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Six days that gained the world

Report on the first International Young Geotechnical Engineers Conference, held at Southampton University, 8-13 September 2000, by Byron Byrne, Oxford University, and Beatrice Baudet, City University.

For six days in September the campus at Southampton University was abuzz with geotechnical discussion as more than 100 young professionals from around the world participated in the first International Young Geotechnical Engineers Conference.

Housed together in one of the nearby halls of residence, the young engineers from 55 different countries lived and breathed geotechnics, sharing research and field experiences. The event, organised by the British Geotechnical Association along with Southampton's Geotechnical Research Group, proved to be very successful in bridging the gap between academia and industry, as well as providing insight into critical problems faced in many different countries.

Four distinguished keynote speakers set an exciting tone for the conference, first by outlining important geotechnical contributions to technology and second by challenging delegates with several diverse but equally important problems. Dr Suzanne Lacasse of the Norwegian Geotechnical Institute highlighted the advances in offshore geotechnical technology that have occurred over the past 20 years. Lacasse observed that geotechnical breakthroughs in offshore problems often enable advances in design and technology both offshore and onshore.

The importance of landfill design and hazardous waste management, illustrated by several case histories, formed the core of the presentation by Dr Kerry Rowe ofQueen's University, Kingston, Canada. He demonstrated that in applying standard geotechnical designs to complex systems such as landfills, a higher level ofcaution might be necessary to ensure an adequate design, as failure often has severe environmental implications.

Professor Robert Mair, head of the civil and environmental engineering division at Cambridge University, explored the challenges of an ever-expanding global population, fuelling the need for greater underground construction. He expanded on some of the developments in the tunnelling and pipejacking industries.

Finally, using slides and illustrations prepared when he was a young engineer, International Society of Soil Mechanics and Geotechnical Engineering President Dr Kenji Ishihara presented a very entertaining account ofthe liquefaction problems facing engineers in Japan.

The main aim ofthe conference, however, was to allow young engineers to present their thoughts on their particular area of geotechnics in 10 minutes and to interact freely on a technical basis, either making a contribution or challenging some aspect of the work. The level of the presentations was very impressive, with most delegates choosing to use computer packages. Those participants for whom English was a second language performed marvellously both in their presentations and when fielding questions.

The two authors (both BGA-sponsored delegates) gained much from the opportunity to attend the conference. One ofour striking impressions was the high and sustained level ofenthusiasm for the subject that was shown by delegates, committee and keynote speakers.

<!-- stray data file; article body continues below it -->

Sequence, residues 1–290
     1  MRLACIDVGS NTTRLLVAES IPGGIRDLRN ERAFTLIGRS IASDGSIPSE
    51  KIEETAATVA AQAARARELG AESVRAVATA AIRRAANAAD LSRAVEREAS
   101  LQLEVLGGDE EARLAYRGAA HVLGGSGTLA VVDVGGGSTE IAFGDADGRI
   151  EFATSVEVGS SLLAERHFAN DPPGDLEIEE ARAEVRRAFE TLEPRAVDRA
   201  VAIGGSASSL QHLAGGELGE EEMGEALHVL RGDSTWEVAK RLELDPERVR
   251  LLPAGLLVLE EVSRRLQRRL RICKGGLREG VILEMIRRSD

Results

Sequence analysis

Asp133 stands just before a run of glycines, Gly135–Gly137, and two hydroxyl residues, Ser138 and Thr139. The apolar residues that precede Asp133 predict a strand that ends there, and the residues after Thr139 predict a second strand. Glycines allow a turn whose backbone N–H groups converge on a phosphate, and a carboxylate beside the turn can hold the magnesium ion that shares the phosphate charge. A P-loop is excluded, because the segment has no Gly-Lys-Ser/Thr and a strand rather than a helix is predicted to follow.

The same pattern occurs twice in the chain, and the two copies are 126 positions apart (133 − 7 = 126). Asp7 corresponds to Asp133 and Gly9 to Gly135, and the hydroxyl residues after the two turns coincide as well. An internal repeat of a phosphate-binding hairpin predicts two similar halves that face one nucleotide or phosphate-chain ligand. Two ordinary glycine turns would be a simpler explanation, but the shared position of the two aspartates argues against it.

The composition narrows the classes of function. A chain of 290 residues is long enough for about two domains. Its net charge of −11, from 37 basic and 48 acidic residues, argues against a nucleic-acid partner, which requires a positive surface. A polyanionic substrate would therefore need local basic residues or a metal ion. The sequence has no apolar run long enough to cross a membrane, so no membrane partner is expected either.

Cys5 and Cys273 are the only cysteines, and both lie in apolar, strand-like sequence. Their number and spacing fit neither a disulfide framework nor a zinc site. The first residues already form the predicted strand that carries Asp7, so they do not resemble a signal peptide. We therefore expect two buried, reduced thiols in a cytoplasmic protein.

People were eager to share their experience and learn from the diversity ofothers. Insight was gained by comparing the problems being tackled by the different countries, whether in research or in industry. While developed countries seem to be concentrating on quite advanced problems, such as subtle soil constitutive behaviour, the less developed countries are still tackling problems of fundamental importance to establishing essential infrastructure, safely and economically.

Like all conferences, most of the 'conferencing'occurred outside the formality of the structured programme. One of the local pubs, The Highfield, attracted a significantly increased patronage.

Other more social events included the traditional conference dinner at the pleasant Chillworth Manor, during which Dr Dick Parry gave an entertaining after-dinner talk on his experiences as a geotechnical engineer.

There were also field trips around the Isle ofWight and Dorset. Those lucky enough to be on the Isle ofWight trip with Dr Eddie Bromhead were able to observe several landslides around the west coast.

Another group, led by Andy Harris, admired the coloured strata ofAlum Bay and the Needles on the west coast of the island. The day, bathed by the sun, was a real success. Finally, the Latin American contingent organised a game of football on the local common. A casual observer would have noticed 60 players following the ball around with little semblance ofteams or position play, but ofcourse plenty ofskill.

It was very satisfying to meet other young people working in the same areas of geotechnical engineering. There was a balanced mix of participants from industry and academia, allowing important integration of the two. Importantly, many contacts have been made which hopefully will be renewed over the years and will continue the process of keeping the worldwide geotechnical community a close-knit family. The conference lasted for just long enough so that many good friendships were struck.

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